Many children are picky:


An American survey once again confirms that most parents have problems with their children when it comes to choosing healthy foods.

More than half of US parents surveyed (over 1,200) agree that it is difficult to get their child to eat a balanced diet, and half say their child takes a dietary supplement on a regular basis, according to a US survey – CS Mott Children’s National Poll on Children’s Health of the University of Michigan Health.

A balanced diet helps children get the nutrients they need for healthy growth and development. An unhealthy diet, on the other hand, can negatively impact health and academic achievement in both the short and long term.

However, most parents have great difficulty getting their children to eat healthy foods. The University of Michigan Health Survey found that many parents turn to dietary supplements without first consulting their pediatrician.
About a third of parents say their child is a fussy eater and a third believe they are not eating enough fruit and vegetables. 13% are concerned that children are not getting enough vitamins and minerals, while 9% of parents fear that their child needs more fiber in their diet. The findings are based on an analysis of responses from 1,251 parents in America with at least one child between the ages of one and ten.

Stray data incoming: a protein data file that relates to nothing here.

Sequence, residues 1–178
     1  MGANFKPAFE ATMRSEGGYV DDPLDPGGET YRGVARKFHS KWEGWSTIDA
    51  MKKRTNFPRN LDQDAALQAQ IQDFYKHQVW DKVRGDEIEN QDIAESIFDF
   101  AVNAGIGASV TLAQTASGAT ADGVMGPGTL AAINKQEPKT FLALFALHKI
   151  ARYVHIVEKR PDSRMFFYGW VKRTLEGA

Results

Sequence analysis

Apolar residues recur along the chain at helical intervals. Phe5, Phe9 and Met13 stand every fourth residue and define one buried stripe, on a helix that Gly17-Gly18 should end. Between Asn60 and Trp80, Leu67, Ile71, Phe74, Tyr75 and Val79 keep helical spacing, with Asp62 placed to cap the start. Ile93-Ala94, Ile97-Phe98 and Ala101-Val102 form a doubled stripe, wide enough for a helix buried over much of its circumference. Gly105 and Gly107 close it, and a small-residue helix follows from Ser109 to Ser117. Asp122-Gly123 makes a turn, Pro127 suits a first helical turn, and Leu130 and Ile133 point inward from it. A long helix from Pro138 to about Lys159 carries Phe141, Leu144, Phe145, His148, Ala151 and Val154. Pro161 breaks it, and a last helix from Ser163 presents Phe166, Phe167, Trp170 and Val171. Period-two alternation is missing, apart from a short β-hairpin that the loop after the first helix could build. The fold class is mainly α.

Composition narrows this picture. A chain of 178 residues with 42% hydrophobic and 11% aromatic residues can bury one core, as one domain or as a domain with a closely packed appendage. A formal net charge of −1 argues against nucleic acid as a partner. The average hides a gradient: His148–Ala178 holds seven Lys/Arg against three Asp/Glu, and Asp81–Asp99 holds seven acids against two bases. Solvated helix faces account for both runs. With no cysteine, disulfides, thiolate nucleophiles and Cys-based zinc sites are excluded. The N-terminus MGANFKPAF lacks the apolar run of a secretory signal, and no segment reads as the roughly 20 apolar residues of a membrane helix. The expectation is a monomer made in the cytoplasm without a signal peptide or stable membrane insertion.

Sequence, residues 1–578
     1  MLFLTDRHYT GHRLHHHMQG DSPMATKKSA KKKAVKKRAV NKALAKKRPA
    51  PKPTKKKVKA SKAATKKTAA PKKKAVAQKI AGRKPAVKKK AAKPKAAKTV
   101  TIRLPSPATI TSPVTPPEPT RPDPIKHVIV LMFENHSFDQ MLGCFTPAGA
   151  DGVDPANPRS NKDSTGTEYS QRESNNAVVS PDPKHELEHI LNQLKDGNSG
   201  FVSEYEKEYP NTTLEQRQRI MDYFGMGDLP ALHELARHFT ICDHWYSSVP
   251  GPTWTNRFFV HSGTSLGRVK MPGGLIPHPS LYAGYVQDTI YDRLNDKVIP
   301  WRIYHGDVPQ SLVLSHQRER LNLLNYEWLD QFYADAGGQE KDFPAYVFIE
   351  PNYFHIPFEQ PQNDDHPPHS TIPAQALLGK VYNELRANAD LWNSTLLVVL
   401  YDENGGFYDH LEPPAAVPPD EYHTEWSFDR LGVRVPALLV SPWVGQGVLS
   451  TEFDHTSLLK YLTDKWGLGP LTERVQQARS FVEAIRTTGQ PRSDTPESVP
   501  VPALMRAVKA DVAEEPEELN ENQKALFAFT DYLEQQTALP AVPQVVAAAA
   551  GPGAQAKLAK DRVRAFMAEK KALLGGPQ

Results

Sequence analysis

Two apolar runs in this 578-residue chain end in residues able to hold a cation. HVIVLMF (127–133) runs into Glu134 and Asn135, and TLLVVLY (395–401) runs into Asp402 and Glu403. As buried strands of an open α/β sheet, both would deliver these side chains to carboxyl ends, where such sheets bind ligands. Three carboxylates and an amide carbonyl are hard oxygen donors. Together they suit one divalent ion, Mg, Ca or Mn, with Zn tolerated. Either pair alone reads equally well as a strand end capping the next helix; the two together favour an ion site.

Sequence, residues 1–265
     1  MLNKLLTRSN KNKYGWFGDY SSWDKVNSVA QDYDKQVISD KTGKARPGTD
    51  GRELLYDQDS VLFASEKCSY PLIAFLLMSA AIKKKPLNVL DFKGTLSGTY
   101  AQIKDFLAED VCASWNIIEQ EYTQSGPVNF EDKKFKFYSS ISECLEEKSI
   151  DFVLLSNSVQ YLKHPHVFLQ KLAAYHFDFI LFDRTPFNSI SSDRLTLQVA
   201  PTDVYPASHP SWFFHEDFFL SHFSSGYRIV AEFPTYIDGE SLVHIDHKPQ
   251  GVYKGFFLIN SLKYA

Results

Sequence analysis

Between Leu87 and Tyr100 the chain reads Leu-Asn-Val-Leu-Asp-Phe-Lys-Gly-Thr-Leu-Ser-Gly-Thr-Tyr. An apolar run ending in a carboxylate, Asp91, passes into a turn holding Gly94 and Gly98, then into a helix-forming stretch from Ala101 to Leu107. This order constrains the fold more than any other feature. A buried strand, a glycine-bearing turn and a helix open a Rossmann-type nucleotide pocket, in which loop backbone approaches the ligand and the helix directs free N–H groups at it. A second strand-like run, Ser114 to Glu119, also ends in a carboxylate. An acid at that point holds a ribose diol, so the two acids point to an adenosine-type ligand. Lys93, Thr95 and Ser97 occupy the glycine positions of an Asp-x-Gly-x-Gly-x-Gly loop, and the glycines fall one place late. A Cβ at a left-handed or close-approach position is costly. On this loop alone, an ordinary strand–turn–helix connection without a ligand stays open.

Healthy Eating: In addition to a child who refuses, costs are an obstacle

Another potential barrier to healthy eating, according to the survey, is cost. Half of parents agree that it is more expensive to feed their child healthily.

“We know that fresh, healthy foods can be more expensive than processed or packaged foods, which often contain more sodium and added sugars,” said Dr. Sarah Clark, MPH, co-director of Mott Poll.
“This can make it particularly frustrating for parents when children waste or refuse to eat expensive foods.”

Most of the parents surveyed gave their children dietary supplements, with more than three quarters of multivitamins. Nearly half had children who also used probiotics – to support digestion and improve intestinal flora.

More than a fifth of the children got omega-3 fatty acids through supplements, fatty acids that support cell growth and brain development.

The problem is that parents often don’t know if their child is getting enough vitamins from their diet, Clark said.

“There is little research on the safety and efficacy of dietary supplements and possible side effects in children. Some parents may not be aware of this […]’added Clark.

“To minimize the risks of taking supplements, parents should speak to their pediatrician if they have any concerns about their child’s diet. He can advise them on how to improve the quality of their child’s diet and determine if the supplements are advisable in their case “.

Those:, University of Michigan-Michigan Medicine

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